A recent study by Vitality, found that 40% of employees find that their work is affected by health problems. Another study found that 80% of UK employees will still work while they are sick.

Presenteeism is the act of going to work despite illness or injury, which results in decreased productivity and can ultimately harm the employee’s health in the long run. This not only harms the employee, but also the business too.

Presenteeism is a true problem that is often overlooked in the workplace. Many employees feel that they need to show up even if they are feeling unwell, which can affect their performance and the overall productivity of the team. Keep reading to find out why presenteeism happens and how to identify it, how it impacts productivity, plus some useful ways to combat it.

Why Does Presenteeism Happen?

Workplace culture – A workplace culture that puts emphasis on ‘toughing it out’ or employees who come in even when they’re unwell can contribute to presenteeism.

Fear of being overlooked – Employees may feel the need to be at work longer than usual, in order to be more visible and more valued and therefore considered for promotions or pay increases due to their perceived efforts. This doesn’t always mean they are at the office working 100% of the time, but just there to be seen.

Financial struggles – Employees who are living wage to wage may feel that they don’t have the luxury of taking time off to recover from illness or injury.

Mental health – Presenteeism can also be the result of mental health issues, like anxiety or depression, which can also impact an individual’s physical health.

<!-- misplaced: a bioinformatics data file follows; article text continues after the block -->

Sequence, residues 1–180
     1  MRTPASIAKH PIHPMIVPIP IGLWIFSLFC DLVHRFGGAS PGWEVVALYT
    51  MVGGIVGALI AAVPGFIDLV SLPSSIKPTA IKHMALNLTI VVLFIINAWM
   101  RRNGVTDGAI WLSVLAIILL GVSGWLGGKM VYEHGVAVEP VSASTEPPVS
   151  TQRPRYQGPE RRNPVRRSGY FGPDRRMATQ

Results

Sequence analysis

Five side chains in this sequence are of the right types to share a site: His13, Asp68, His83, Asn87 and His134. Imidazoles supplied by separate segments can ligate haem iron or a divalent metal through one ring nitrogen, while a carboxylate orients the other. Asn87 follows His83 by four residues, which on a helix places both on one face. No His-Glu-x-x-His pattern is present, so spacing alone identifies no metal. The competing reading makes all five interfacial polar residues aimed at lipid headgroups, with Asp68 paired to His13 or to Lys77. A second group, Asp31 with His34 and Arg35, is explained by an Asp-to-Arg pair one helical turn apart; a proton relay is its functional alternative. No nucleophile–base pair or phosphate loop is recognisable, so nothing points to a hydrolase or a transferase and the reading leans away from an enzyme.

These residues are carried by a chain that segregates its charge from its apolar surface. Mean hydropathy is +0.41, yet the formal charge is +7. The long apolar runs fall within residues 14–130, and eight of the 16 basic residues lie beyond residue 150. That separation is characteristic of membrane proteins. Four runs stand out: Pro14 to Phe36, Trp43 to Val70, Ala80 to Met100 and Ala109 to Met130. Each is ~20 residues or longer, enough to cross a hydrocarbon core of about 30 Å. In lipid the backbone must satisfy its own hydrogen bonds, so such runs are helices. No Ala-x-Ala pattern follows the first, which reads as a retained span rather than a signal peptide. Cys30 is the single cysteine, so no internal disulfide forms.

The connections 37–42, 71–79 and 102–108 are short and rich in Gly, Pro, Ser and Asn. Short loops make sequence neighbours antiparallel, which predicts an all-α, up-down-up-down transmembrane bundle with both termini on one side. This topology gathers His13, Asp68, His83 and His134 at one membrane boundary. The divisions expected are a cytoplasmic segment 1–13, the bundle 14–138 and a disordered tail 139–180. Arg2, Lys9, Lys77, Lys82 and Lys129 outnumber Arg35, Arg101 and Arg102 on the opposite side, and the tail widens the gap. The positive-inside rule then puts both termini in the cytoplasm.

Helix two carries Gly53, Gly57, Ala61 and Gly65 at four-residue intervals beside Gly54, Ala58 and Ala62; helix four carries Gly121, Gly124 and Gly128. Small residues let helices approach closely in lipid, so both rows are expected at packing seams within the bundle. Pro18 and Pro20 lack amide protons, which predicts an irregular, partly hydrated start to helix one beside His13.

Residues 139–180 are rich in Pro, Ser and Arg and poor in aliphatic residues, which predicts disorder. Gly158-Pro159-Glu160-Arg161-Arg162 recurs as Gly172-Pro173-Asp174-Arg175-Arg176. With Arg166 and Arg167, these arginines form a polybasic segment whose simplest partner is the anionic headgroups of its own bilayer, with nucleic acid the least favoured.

The Impact on Productivity

Presenteeism can have a disastrous impact on both workplace productivity and the health of the employees. By encouraging or allowing employees to attend work while sick or injured, employers not only risk a spread of contagions but also a productivity slump.

Presenteeism can:

– Reduce overall productivity.

– Deteriorate physical health.

– Increase errors and mistakes.

– Cause resentment among employees

– Aggravate existing conditions.

– Initiate mental health issues.

– Lead to undeserved promotion or pay rises.

There are, however, some ways to identify presenteeism:

Increased absence – While presenteeism can lead to decreased overall productivity, it’s also important to note that it can result in a higher rate of actual absenteeism as employees become more absent or sick over time.

Quantity over quality – You may find employees working their hours or even extra hours, but the quality of their work is not the same.

Playing it down – This could mean employees make light of the issue or act as if it isn’t as serious as it is, to convince themselves and those around them that they are fine to be at work. Something to consider here would be if you would expect to be off with this illness or injury, why would you allow an employee to remain in work.

Looking at the results – when considering promotions and pay rises, gather as much data as possible to make the decision. Don’t just consider who you see doing the longest hours or being in the office the most, but the work they are producing and the quality of that work.

Strategies to Overcome Presenteeism

There are ways to combat presenteeism. Check out our below examples:

Flexible working for example is a great way to provide support for your employees.

Things such as encouraging people to take leave when they need to, learning the signs of presenteeism, asking for feedback or even planning companywide downtime or events can help combat the impacts of presenteeism and its impacts on not only employees, but the business too.

Another way to combat presenteeism is to encourage team bonding. This builds a positive working culture and ensures employees have someone to talk to at work and that they feel supported.

Finally, offering wellness programs in the workplace, such as meditation and team exercises, can encourage employees to engage in healthy behaviours and support productivity.

How Hallidays HR can help

If you would like to discuss any of the above in more detail, then please do not hesitate to contact us on 0161 476 8276 or email hr@hallidayshr.co.uk. And of course, visit our LinkedIn page.